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5 Tips For New Credit Card Holders

Here's how to be a responsible card holder.Owning a credit card for the first time can be a pretty exciting experience. But making purchases without cash or a debit card can lead to overspending and regret, so it’s important to be a responsible credit card holder.

Here are five tips on how to maximize your credit card savings and rewards while reducing your potential debt:

Line up your due date with other bills. In order to ensure that you pay your credit card bill on time every month, request that your due date be the same as for your other bills.

Whether you pay your phone, utilities or rent, you probably have other bills to pay. Lining up the due dates should remove the “I forgot to pay” possibility.

Use 30% or less of your credit limit. Your credit score is determined in part by how much credit you use.

When you reach the credit limit on your cards, your credit score will go down and potential lenders will view you as a risk.

If you maintain a balance well below your limit, it shows you can use credit responsibly without “needing” the money. As a result, your credit score should improve.

Check your account balance often. Sometimes credit card issuers make mistakes. Try to view your online credit card statement at least once a week to ensure there are no fraudulent or accidental charges.

You might also want to sign up for a money management tool that allows you to view all financial accounts from one location to save time.

If you’re charged a fee, ask for a refund. If you miss a payment or have to pay an annual fee, call up your credit card company and ask for a one-time refund.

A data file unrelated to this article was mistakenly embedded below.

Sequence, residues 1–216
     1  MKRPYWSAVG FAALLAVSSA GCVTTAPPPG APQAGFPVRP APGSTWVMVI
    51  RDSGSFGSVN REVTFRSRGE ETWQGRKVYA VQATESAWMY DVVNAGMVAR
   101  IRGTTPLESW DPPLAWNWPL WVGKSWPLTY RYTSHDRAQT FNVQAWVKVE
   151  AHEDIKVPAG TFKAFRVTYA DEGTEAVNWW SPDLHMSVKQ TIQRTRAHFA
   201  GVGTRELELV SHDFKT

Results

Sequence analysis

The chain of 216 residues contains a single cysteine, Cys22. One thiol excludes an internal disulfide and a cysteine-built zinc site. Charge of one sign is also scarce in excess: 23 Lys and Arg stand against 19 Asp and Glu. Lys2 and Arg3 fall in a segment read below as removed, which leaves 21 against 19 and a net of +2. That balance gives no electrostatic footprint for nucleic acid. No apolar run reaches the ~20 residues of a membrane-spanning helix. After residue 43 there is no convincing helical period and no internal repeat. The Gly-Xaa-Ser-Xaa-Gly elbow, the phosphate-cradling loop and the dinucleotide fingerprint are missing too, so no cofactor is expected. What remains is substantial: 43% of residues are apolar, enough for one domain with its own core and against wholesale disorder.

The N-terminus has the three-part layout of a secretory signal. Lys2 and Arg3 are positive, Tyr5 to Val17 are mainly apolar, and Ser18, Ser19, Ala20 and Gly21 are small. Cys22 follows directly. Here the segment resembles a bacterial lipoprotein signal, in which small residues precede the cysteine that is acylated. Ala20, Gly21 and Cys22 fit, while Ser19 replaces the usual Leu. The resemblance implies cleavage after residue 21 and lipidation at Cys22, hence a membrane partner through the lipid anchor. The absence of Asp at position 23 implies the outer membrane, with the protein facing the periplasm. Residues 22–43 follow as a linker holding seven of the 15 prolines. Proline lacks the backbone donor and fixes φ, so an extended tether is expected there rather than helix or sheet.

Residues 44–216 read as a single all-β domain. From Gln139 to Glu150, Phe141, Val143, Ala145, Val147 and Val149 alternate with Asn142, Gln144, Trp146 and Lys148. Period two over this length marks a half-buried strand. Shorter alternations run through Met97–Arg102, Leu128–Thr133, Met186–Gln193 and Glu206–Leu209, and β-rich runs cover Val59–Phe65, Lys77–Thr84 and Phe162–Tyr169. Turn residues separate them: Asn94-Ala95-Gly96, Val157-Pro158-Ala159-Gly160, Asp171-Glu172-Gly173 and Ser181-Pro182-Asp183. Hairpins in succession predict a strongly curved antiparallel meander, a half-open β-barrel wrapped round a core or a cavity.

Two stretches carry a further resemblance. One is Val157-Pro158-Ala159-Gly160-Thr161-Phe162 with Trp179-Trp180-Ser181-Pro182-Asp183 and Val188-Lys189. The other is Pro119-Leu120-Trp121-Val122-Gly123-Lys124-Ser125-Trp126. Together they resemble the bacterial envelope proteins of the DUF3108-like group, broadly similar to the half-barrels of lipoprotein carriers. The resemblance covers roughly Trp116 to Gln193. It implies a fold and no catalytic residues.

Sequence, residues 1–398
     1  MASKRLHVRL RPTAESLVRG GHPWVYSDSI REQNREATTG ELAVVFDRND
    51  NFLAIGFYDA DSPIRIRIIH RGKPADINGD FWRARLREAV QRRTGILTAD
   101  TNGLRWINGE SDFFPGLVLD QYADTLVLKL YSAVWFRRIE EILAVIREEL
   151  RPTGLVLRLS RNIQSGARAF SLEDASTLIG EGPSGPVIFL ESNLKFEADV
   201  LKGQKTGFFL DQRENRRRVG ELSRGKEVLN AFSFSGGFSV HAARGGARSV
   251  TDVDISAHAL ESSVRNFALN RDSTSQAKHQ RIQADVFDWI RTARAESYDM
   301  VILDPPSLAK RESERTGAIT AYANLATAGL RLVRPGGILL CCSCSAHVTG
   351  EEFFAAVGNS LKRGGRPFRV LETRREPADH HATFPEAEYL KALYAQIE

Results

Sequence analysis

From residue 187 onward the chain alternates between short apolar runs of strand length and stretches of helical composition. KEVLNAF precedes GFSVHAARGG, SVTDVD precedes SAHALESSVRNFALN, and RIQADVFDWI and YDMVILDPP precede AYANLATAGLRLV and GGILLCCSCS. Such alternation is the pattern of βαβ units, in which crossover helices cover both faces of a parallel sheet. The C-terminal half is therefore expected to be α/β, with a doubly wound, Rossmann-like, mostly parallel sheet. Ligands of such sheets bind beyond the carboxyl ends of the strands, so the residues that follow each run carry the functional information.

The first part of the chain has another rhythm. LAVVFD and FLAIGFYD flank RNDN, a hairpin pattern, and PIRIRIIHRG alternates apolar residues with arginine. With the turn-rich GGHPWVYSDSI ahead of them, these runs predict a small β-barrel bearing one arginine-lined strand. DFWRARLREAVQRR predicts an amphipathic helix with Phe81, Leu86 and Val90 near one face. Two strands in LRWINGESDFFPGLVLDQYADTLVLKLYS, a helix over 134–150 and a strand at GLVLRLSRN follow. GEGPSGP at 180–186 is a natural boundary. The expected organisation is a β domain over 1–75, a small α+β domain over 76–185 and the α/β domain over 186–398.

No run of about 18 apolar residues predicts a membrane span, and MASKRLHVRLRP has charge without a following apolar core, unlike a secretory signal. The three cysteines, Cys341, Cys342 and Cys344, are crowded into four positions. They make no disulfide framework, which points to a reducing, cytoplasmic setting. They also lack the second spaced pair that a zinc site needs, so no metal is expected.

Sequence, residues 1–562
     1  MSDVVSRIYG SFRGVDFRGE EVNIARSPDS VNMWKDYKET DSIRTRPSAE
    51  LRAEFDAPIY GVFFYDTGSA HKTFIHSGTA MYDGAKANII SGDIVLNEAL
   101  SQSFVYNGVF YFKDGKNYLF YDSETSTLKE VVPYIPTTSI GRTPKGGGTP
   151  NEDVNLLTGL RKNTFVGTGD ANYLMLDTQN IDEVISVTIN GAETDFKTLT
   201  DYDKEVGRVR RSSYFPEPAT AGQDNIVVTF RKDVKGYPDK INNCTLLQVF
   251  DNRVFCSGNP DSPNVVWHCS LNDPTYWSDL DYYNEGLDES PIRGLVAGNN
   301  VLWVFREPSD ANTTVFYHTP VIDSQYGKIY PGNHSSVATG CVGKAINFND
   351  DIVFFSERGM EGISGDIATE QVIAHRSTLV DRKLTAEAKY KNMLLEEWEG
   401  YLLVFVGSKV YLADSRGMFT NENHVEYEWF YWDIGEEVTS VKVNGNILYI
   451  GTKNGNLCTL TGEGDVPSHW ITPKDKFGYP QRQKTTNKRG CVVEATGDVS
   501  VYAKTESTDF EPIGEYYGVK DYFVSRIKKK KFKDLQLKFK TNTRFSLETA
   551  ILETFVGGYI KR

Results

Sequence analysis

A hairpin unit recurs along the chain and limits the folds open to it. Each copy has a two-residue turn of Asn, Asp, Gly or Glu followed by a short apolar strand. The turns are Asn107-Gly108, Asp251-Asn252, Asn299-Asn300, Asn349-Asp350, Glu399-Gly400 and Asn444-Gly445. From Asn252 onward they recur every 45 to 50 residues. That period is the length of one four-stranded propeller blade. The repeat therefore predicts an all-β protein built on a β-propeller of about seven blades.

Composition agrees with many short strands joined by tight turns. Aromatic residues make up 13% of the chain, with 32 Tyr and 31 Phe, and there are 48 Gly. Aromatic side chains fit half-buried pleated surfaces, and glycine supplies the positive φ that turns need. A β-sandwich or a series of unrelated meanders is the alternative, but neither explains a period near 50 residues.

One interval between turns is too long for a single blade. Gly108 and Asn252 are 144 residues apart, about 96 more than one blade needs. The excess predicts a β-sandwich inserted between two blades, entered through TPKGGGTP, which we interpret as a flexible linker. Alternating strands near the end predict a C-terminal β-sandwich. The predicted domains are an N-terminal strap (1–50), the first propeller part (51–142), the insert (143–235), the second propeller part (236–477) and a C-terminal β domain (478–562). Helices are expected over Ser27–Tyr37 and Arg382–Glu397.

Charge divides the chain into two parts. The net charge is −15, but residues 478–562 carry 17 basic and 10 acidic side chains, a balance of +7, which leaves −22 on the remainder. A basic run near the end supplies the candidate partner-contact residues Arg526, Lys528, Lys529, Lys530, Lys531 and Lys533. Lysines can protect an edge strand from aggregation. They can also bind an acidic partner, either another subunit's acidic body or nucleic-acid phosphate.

Most issuers will give you your money back to ensure you’re a long-time customer. All it takes is 5 minutes and a polite conversation.

Add a co-signer for better terms. Credit cards designed for first timers may require a co-signer for approval. Co-signers with excellent credit can reduce the interest rate on the credit card you’ll receive.

If you use a co-signer, remember to be careful. Any mistakes they make, you will pay for.

If you’re ready to find that first card, you can compare credit card offers in our extensive database.

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  1. Earl said:
    on July 26th at 12:01 am

    Good luck finding a co-signer. I wouldn’t do it in a million years. You’d probably better off trying a store credit card such as Sears as a first credit card. Don’t screw that up and you should be able to get a major card in a year or so.

  2. Joel said:
    on July 27th at 10:15 am

    If you use a co-signer, remember to be careful. Any mistakes _you_ make, _they_ will likely pay for. …and the chance that you will damage your friend’s/family member’s credit (and your relationship with them) may not worth the savings you would get.